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#ResearchforChange Fieldwork Diary Entry 1 – Timothy Silberg

Understanding Practice Valuation: Unveiling weed control attributes farmers consider before implementing

Striga asiatica parasitizing maize on one of the study’s participant’s fields This is the first blog post about my research conducted with MAXQDA identifying socioeconomic drivers that obligate (or discourage) Malawian farmers to employ parasitic weed (Striga spp.) control practices. The study focuses on analyzing food security issues with an agro-ecosystems approach. That is, it analyzes the biological implications (i.e. parastic growth) for implementing a practice and its socioeconomic drivers. The findings hope to inform how, when, and if weed control interventions should be used in conjunction with natural and human assets to increase maize production. I am now in the final stages of a year-long study and have begun the analysis phase using MAXQDA 2018.

Striga asiatica parasitizing maize
on one of the study’s participant’s fields

In the first phase of my research, an enumerator and I conducted three focus group discussions with smallholder farmers (cultivating <2ha) to assess their knowledge about Striga. Additionally, we inquired about the control practices (CPs) they used to manage the weed as well as the components considered (e.g., labor) before implementating them. The objective of each focus group was to inform a household farm survey and discrete choice experiment that would determine tradeoffs farmers were willing (or not willing) to choose a given CP. This first fieldwork diary entry deals with my initial coding and analysis of one focus group.

Focus Group Discussion in Malawi

Focus Group Discussion in Malawi

MAXQDA Coding: forgiving to the iterative research process

Over the course of my PhD, I’ve dabbled with qualitative software (e.g., NVIVO). As powerful as some can be, many are not too forgiving during the initial stages of node development. To much of an extent, this is an iterative process. For example, researchers will often create nodes they initially believe are appropriate to unveil underlying themes of a transcript, but later discover they were too broad or not detailed enough. After the text is coded, it is sometimes difficult (and time consuming) to go back, to create new nodes or sub-nodes, and recode the text. This challenge arose while I was assessing knowledge gaps between male and female farmers in Malawi.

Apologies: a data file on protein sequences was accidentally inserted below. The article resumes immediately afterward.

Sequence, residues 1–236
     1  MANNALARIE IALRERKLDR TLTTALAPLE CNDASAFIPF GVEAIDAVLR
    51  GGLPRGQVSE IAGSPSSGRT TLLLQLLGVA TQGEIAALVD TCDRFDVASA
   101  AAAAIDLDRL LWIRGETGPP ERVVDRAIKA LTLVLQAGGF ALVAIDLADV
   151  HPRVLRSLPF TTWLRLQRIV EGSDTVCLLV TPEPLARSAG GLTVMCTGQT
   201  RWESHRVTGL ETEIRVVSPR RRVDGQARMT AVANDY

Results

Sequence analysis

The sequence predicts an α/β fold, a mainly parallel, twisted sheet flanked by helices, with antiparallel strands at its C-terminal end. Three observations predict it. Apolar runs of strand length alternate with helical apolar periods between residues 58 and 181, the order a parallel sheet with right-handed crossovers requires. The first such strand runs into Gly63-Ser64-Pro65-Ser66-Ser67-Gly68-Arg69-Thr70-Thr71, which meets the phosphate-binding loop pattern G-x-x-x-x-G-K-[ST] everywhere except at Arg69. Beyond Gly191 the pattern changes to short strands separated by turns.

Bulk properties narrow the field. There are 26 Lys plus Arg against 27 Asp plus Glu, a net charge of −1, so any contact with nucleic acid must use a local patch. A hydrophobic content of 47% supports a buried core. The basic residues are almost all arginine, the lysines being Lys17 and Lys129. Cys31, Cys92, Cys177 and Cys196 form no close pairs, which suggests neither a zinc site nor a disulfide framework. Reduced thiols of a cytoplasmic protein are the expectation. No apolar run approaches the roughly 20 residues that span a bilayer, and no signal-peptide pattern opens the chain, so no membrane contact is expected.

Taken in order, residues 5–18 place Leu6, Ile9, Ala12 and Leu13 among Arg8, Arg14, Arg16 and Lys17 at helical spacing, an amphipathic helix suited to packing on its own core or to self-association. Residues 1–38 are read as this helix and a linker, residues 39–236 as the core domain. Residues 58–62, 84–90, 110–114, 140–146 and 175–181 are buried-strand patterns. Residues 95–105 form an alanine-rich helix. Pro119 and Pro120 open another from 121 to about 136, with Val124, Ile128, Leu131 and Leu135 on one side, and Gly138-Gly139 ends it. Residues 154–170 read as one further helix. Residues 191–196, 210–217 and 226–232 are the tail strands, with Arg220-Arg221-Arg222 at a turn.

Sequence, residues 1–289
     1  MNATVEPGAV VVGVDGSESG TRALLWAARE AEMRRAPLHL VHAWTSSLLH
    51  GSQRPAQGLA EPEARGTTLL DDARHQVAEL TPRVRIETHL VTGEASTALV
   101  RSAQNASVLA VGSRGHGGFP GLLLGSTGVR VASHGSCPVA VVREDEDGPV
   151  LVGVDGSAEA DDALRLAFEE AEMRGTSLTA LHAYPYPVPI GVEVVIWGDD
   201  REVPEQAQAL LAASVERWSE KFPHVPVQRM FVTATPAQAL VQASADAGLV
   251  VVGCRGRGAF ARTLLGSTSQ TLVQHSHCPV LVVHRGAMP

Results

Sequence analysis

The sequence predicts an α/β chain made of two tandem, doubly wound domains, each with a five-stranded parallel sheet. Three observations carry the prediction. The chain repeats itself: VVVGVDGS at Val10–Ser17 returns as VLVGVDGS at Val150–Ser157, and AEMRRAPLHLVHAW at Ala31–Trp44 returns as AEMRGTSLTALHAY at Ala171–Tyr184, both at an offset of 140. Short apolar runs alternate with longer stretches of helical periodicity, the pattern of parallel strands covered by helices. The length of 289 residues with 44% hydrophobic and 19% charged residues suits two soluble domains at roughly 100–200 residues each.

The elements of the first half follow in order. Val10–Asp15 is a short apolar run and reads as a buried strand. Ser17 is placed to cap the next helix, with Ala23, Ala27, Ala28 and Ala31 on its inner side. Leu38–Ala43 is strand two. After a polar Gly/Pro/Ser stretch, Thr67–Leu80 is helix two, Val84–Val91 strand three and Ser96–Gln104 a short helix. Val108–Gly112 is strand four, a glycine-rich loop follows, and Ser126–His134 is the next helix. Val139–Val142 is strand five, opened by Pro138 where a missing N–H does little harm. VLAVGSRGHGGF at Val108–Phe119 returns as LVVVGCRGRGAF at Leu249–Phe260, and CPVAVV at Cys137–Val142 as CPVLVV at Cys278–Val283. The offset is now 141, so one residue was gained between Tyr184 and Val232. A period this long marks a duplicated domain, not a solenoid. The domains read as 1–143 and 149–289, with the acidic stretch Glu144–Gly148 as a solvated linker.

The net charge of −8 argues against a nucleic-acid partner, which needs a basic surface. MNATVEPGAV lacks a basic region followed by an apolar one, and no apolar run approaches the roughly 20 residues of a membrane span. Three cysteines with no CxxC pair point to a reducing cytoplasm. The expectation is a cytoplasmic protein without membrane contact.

During my initial coding, I outlined several sub-nodes of Striga knowledge (e.g., life cycle, effect on maize). As I continued coding I began to discover male and female respondents expressed the effect Striga had on their maize differently. Many female focus group participants, for example, would explain how Striga had impoverished their families (from yield loss). Whereas men would mention how Striga was “digging in their pockets”. At first, I became frustrated because I should have coded these quotes as “Faced Striga Challenges” as opposed to siphoning them into the Striga knowledge sub-node “Effect on Maize”. As you might imagine, these types of hiccups can quickly discourage a time-constrained graduate student. Luckily, MAXQDA is quite forgiving in these instances. I simply had to highlight the “Effect on Maize” and transfer the quotes into the newly added “Faced Striga Challenges” node (see the screenshot below). I was quite relieved and credit my Professional MAXQDA Trainer for pointing this out to me. The quotes will serve as powerful evidence when I use them later to explain any significant variables I might receive from running mixed logistic regression that highlights the drivers of CP implementation.